Daniel Webster

Is Donald Trump The Third President Without A Party, As Was The Case With John Tyler And Andrew Johnson?

We have had two Presidents who lacked support of a party, and we may now have a third one in Donald Trump.

Two Presidents were elected Vice President as part of a “fusion” team to help elect the Presidential nominee, and then quickly became President upon the death of the President.

John Tyler, a Democrat, ran on the Whig Party line with William Henry Harrison in 1840, and Harrison died of pneumonia 31 days after the inauguration.

Tyler disagreed with the Whig Party principles, and came into conflict with Whig leadership, including Senator Henry Clay of Kentucky and Congressman John Quincy Adams of Massachusetts.

His entire cabinet resigned after a few months, with the exception of Secretary of State Daniel Webster, and Tyler had great troubles with confirmation hearings, with four cabinet appointments and four nominees for the Supreme Court rejected by the Whig controlled Senate. The Congress refused to pass funding for fixing of the White House, which was in disrepair, and an attempted impeachment was prevented only by the Whigs losing the House of Representatives in 1842.

So John Tyler was a man without a party.

The same can be said of Andrew Johnson, a Democrat, who was the Vice Presidential nominee with Republican Abraham Lincoln in 1864, with Lincoln concerned about reelection, so choosing a loyal Southern Democrat to shore up support among some Northern Democrats.

When Lincoln was assassinated 45 days after his second inauguration, Johnson became President but clashed quickly with Radical Republicans over Reconstruction policy, and when he vetoed significant legislation, and went out and campaigned against them in midterm congressional elections in 1866, an open split was clear, and Congress passed the Tenure of Office Act, which prevented the dismissal of any cabinet officer appointed by the President, without majority backing by the majority of both houses of Congress, an unconstitutional action.

Johnson now faced impeachment on flimsy charges, and was found not guilty, but it weakened his ability to govern, and he was unable to gain the filling of a Supreme Court vacancy, and was truly a President without a party.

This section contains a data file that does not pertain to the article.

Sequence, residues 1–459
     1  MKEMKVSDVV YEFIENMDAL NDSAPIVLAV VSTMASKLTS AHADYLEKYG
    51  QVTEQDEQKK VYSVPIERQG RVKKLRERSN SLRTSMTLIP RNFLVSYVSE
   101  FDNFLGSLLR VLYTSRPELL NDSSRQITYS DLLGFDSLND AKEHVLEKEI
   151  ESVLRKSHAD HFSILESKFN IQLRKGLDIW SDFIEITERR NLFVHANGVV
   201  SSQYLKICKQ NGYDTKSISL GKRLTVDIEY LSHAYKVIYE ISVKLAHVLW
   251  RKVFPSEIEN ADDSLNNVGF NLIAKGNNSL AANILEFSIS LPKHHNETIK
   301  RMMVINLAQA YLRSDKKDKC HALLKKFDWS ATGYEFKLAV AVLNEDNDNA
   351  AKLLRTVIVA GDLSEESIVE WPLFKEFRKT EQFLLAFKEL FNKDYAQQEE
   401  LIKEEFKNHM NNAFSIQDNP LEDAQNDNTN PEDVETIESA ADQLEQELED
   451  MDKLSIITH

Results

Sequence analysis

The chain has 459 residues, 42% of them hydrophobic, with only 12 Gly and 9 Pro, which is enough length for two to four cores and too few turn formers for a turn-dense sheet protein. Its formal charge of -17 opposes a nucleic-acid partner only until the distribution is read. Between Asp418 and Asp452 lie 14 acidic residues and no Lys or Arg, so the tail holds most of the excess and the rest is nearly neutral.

Now, Donald Trump has alienated many Republicans, who are willing to investigate his Russian ties and possible collusion in the Presidential Election of 2016. He has denounced the Freedom Caucus membership which prevented his health care legislation from passing, and many US Senators, including John McCain, Lindsey Graham, Ben Sasse, and others, have been strong critics. Additionally, he has hinted at working with Democrats, even though he has also antagonized them repeatedly with his utterances and policies. His public opinion rating is the lowest for any new President, since the beginning of polling 80 years ago.

The possibility of impeachment is there, as even top Republican leadership, including Speaker of the House Paul Ryan, and Senate Majority Leader Mitch McConnell, have found it difficult to work with a President who is constantly tweeting and criticizing, in a very divisive way.

So Donald Trump could end up being the third President without a party, recalling that for a long time, he was sounding years ago like a liberal Democrat!

Who Should Have Been President? The Following List Of 12 Great Political Leaders

A high percentage of the 43 American Presidents are looked upon as having been inferior, disappointing, and in some cases, clearly unqualified to be President.

And then there is a list of both Presidential nominees, and also Presidential seekers, who are looked upon as those who SHOULD have been President, but never were.

First the list, which numbers 12,and then an explanation of each case.

Henry Clay
Daniel Webster
William Seward
Samuel Tilden
Charles Evans Hughes
Robert LaFollette Sr
Adlai Stevenson
Hubert Humphrey
Nelson Rockefeller
Bob Dole
Al Gore
Hillary Clinton

Two of the above (Clay and Webster) were Whigs; five of the above (Seward, Hughes, LaFollette, Sr., Rockefeller, and Dole) were Republicans; and the remaining five of the above (Tilden, Stevenson, Humphrey, Gore, and Clinton) were Democrats.

Henry Clay ran three times for President, in 1824, 1832, and 1844, and is regarded by many experts as the absolutely most outstanding Senator in all of American history, who made many contributions in government, including being Speaker of the House, an influential Senator (Kentucky) , and Secretary of State.

Daniel Webster is the other most outstanding Senator (Massachusetts) before the Civil War, and was seen as being as much of a statesman as Clay, and also served as Secretary of State.

William Seward lost the Presidential nomination to Abraham Lincoln, but was considered the leading Republican in his time as a Senator from New York, and also served as Secretary of State.

Samuel Tilden was the reform Governor of New York, who lost the Presidency despite a major lead, which in percentage, was greater than Al Gore, the other person who won the popular vote, but lost the election, and never became President.